Paris, Coblenz, London. [1839-1842]. Handcolored aquatint engraving by Desmadryl after Bodmer. Sheet size: 17 7/16 x 23 1/4 inches. Very good. Item #WRCAM38874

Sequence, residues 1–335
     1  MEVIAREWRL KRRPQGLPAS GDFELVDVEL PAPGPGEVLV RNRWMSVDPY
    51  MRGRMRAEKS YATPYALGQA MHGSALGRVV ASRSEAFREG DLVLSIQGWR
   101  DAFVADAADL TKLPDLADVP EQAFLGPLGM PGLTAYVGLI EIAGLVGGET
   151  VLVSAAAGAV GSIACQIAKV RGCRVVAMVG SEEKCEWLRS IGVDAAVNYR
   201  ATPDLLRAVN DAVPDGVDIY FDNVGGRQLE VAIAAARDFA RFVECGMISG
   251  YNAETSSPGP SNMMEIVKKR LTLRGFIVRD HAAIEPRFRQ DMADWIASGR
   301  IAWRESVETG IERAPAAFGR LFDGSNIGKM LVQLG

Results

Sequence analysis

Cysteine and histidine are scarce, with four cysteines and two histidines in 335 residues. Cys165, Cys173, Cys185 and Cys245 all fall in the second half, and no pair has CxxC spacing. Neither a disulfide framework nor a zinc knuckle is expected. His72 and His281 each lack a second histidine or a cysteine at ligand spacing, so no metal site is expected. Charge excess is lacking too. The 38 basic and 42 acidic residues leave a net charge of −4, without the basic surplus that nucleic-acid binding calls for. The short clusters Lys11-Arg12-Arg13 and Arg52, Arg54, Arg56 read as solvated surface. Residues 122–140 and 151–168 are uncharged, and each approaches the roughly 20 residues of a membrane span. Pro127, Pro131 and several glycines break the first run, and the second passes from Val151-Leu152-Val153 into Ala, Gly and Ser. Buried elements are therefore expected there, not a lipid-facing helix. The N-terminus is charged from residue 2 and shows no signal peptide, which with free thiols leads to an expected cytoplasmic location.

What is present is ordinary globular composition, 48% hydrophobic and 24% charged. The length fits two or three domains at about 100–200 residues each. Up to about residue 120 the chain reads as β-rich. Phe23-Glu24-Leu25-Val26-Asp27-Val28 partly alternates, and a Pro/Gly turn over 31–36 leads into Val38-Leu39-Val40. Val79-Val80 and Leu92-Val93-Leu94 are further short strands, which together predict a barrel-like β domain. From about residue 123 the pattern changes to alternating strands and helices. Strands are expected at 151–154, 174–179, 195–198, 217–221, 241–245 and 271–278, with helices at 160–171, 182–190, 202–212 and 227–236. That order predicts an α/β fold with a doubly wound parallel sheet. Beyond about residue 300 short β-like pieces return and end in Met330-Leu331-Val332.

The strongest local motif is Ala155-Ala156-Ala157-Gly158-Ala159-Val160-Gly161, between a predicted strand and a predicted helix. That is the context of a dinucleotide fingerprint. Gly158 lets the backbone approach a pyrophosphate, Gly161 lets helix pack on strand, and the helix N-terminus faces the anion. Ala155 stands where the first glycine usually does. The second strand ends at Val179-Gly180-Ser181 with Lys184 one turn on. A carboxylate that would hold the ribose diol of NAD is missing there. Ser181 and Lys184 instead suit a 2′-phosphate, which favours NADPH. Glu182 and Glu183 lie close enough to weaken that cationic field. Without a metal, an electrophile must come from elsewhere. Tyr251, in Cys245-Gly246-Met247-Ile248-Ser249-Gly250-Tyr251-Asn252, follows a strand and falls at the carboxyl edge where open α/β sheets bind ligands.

An outstanding example of his careful rendering of every detail of the everyday life of the Mandan Tribe. As well as being a beautifully composed view of the interior of this Mandan lodge, this is one of the most ethnographically important of all of Bodmer's images. The lodge was the home of Dipäuch, a respected elder of the Tribe, who gave Prince Maximilian much information about the history and beliefs of his people. The sketch was made over a period of several months at Mih- Tutta-Hand-Kusch from early December 1833 to mid-April 1834. This image has been much reproduced since, as perhaps the most accurate extant depiction, taken from life, of the domestic arrangements of the Plains Indians. Bodmer's images show great versatility and technical virtuosity, and give us a uniquely accomplished and detailed picture of a previously little understood (and soon to vanish) way of life. Swiss-born Bodmer was engaged by Prince Maximilian zu Wied-Neuwied (1782-1867) specifically to provide a record of his travels in North America, principally among the Plains Indians. In the company of David Dreidoppel (Prince Maximilian's servant and hunting companion), their travels in North America were to last from 1832 to 1834. Well armed with information and advice, the party finally left St. Louis, on the most important stage of their travels, aboard the steamer Yellow Stone on April 10, 1833. They proceeded up the treacherous Missouri River along the line of forts established by the American Fur Company. At Bellevue they encountered their first Indians, then went on to make contact with the Sioux tribe, learning of and recording their little-known ceremonial dances and powerful pride and dignity. Transferring from the Yellow Stone to another steamer, Assiniboin, they continued to Fort Clark, where they visited the Mandan, Mintari, and Crow tribes, then the Assiniboins at Fort Union, the main base of the American Fur Company. On a necessarily much smaller vessel they journeyed through the extraordinary geological scenery of that section of the Missouri to Fort Mackenzie in Montana, establishing a cautious friendship with the fearsome Blackfeet. From there, the westernmost point reached, it was considered too dangerous to continue, and the return journey downstream began. The winter brought its own difficulties and discomforts, but Bodmer was still able to execute numerous studies of villages, dances, and especially the people, who were often both intrigued and delighted by his work. The portraits are particularly notable for their capturing of individual personalities, as well as forming a primary account of what were to become virtually lost cultures. For the Maximilian portfolio: GRAFF 4648. HOWES M443a. PILLING, PROOF-SHEETS 2521. SABIN 47014. WAGNER-CAMP 76:1.